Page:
By Savannah Williams
For The Diamondback
College Park Mayor Patrick Wojahn issued two proclamations Tuesday during the City Council meeting to benefit the environment and promote education on children's mental health.
Arbor Day is observed throughout the nation, and the world, as a day to plant trees. The Arbor Day Foundation has recognized College Park as a Tree City USA, according to the City Council agenda, and this proclamation aims to continue the city's dedication to sustainability.
The Arbor Day proclamation, put forth by Wojahn, officially establishes College Park's observance of Arbor Day as April 26. National Arbor Day is on the last Friday in April.
In celebration, the city will host a public tree and shrub planting at 6 p.m. on Wednesday at the College Park United Methodist Church.
"I urge all citizens to plant trees to gladden the hearts and promote the well being of present and future generations," Wojahn wrote in a council agenda.
Wojahn also announced the first full week of May would be recognized as Children's Mental Health Awareness Week.
The week focuses primarily on increasing education to fight the stigma surrounding mental illness. This initiative is part of a statewide Children's Mental Health Matters Campaign.
"[It's] important to focus on mental health in children when they're young, so they have an opportunity to do well," Wojahn said.
And though Wojahn, as mayor, has unilateral control on declaring city proclamations, other council members supported these sustainability and awareness campaigns.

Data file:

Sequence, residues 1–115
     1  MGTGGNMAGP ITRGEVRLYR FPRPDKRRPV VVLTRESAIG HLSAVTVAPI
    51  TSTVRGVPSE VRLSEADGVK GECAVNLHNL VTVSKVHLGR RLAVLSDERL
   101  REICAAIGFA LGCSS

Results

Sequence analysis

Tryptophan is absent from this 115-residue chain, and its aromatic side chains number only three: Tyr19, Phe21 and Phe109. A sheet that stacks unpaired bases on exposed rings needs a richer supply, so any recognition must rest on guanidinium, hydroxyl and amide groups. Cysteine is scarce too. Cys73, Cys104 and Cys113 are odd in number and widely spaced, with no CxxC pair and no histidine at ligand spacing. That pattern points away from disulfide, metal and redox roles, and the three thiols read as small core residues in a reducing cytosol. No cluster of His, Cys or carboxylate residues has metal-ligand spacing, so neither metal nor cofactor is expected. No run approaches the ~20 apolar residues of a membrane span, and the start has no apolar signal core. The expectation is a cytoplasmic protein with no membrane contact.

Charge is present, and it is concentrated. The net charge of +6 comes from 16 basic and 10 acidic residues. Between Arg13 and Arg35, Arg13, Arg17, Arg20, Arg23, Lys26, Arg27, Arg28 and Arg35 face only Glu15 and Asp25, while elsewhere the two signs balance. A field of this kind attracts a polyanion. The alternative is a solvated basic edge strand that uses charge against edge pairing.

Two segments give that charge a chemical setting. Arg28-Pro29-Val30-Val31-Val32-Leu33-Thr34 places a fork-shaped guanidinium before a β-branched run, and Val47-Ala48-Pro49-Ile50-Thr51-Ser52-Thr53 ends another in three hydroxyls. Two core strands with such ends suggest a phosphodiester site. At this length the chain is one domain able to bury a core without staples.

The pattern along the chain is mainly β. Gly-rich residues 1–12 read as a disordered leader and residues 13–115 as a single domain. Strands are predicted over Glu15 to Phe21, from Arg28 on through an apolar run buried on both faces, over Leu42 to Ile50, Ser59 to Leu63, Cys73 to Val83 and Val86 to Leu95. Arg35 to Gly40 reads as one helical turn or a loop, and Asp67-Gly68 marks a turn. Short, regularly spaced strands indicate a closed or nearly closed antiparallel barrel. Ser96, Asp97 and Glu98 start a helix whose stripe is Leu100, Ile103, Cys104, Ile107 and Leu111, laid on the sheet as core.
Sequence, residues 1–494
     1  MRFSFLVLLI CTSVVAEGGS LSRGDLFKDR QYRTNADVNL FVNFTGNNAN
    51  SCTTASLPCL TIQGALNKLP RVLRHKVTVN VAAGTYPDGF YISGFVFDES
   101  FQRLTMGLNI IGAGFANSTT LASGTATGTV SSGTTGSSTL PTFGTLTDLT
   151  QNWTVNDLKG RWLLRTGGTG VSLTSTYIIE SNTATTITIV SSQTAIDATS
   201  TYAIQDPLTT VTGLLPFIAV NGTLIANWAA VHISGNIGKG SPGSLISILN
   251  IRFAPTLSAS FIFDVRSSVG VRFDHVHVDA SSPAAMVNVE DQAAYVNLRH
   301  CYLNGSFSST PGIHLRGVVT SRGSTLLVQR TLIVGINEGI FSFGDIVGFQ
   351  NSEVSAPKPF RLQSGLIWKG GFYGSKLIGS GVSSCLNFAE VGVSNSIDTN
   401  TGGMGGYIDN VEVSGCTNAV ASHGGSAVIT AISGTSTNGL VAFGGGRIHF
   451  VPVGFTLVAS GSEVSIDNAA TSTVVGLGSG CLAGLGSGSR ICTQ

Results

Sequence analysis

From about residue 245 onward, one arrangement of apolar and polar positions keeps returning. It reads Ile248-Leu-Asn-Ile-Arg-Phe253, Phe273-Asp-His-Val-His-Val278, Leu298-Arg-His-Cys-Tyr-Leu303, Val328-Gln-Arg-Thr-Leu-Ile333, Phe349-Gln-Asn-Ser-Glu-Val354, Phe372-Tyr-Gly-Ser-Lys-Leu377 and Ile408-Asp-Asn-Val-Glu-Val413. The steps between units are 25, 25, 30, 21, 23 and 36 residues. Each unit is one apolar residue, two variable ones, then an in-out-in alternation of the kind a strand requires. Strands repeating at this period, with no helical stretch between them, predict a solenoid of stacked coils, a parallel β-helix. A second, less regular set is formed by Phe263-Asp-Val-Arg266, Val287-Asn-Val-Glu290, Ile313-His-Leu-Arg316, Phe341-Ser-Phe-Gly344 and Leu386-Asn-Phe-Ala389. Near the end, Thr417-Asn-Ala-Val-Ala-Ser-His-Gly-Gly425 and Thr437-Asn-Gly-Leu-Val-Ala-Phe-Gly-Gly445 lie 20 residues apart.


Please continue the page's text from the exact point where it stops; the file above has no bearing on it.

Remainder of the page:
"I think proclamations in general are part of the pomp of public meetings," said P.J. Brennan, District 2 Councilman. "[They] draw greater awareness to things."
Brennan said spreading awareness about mental health, as well as sustainable practices, is crucial in the betterment of the city and its services.
District 2 Councilman Monroe Dennis agreed, adding that mental health education, especially of children, is an initiative everyone should be concerned with.
"Children are our future," Dennis said.
Brennan also said he was optimistic about the impact of these proclamations, as residents will be more aware of ways they can help the environment, as well as address any concerns regarding mental health.
"Sometimes it can just be that," Brennan said. "Expressing appreciation, taking a moment to be intentional … draw awareness to things that otherwise wouldn't be on people's radar."